“I watched him as he moved. And then I watched their faces, watching him. And then I was afraid. I knew that they were watching, had been watching both of us. They knew that they had witnessed a beginning and now they would not cease to watch until they saw the end.”Given a choice between accepting himself and his desires and conforming to his view of what life should be, David runs. Before even getting comfortable in Giovanni’s room - both physical and metaphorical entity - he is looking for a way out, an escape, a reprieve which never comes. Not even running away from Paris helps - because you cannot fun away from yourself by changing addresses.
“Those evenings were bitter. Giovanni knew that I was going to leave him, but he did not dare accuse me for fear of being corroborated. I did not dare to tell him. Hella was on her way back from Spain and my father had agreed to send me money, which I was not going to use to help Giovanni, who had done so much to help me. I was going to use it to escape his room.”It is a story of strained and doomed love in a grim world of a Paris underbelly of sorts - the gay Parisian scene that we see filtered through David’s eyes is far from the artistic bohemian world but rather the dark, dangerous and sad web of casual encounters, desperate transactional sex, loveless loneliness, shady almost-inhuman in David’s eyes¹ (early on, he refers to a gay character as “it”) and frequently despicable characters. It is not a counterculture by choice - it is a counterculture formed by merciless rejection. This is what David sees and fears and detests and strives to escape from into the bright and shiny “normal” world full of comfortable familiarity.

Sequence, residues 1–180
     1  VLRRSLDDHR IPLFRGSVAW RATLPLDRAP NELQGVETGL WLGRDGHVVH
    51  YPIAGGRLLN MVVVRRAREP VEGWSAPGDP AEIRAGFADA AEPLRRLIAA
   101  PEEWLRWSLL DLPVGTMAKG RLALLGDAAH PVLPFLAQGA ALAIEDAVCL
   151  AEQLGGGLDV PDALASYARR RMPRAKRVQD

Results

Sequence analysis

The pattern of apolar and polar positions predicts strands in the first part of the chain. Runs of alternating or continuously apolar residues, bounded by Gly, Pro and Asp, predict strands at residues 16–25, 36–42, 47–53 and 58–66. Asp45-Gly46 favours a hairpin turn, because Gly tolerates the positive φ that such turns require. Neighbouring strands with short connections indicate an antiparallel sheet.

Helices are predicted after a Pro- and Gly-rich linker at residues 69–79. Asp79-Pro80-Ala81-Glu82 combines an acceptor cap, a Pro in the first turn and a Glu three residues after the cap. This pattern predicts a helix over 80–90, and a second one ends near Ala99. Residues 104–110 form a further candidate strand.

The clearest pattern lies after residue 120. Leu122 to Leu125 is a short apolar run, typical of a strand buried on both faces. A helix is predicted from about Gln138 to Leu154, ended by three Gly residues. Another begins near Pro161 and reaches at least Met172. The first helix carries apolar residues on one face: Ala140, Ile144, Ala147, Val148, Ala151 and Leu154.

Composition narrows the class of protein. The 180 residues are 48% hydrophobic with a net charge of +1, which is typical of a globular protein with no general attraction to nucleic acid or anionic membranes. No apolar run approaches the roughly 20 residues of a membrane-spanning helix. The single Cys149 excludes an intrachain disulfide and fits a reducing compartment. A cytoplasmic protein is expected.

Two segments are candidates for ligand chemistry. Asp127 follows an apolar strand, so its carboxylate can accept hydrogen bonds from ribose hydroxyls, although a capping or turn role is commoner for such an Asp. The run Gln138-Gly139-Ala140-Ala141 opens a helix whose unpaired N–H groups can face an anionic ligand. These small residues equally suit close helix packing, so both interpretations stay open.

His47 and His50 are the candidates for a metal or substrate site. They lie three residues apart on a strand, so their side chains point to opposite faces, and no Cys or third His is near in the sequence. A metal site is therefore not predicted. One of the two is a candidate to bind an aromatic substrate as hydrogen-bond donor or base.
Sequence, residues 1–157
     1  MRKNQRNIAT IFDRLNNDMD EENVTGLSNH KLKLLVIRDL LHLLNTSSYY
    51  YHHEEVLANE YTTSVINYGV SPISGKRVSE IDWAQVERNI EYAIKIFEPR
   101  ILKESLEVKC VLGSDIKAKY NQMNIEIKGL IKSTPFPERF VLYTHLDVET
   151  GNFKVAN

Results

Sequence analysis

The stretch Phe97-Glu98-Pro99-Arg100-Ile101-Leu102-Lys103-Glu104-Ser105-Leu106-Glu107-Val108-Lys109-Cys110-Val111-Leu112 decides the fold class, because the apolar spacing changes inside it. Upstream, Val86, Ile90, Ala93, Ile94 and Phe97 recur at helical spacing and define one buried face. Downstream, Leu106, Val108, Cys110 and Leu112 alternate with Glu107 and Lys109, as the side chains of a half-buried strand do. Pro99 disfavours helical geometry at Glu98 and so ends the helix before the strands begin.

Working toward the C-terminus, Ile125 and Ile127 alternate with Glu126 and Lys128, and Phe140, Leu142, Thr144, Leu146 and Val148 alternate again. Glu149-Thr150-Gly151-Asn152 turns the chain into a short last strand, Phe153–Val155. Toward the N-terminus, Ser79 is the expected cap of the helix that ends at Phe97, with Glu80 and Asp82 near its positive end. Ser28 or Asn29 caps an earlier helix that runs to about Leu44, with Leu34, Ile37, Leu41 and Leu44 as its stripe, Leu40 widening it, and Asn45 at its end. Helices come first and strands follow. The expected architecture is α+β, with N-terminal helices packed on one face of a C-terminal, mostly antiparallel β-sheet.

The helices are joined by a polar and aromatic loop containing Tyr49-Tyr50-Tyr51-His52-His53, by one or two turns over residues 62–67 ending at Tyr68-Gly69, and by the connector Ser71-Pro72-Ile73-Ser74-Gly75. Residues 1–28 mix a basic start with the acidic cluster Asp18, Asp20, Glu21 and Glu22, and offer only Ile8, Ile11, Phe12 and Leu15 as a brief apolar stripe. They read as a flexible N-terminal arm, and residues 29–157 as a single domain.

¹ A chilling, terrifying peek into David’s thoughts aimed at dehumanizing who he sees as “other”:Yes, it is terrible to be driven by fear and shame and lies. And no surprise that it is paralyzing and suffocating and claustrophobically oppressive - the feelings David contemptuously chooses to transfer to Giovanni and his squalid cramped room instead of seeing it within his own caged heart.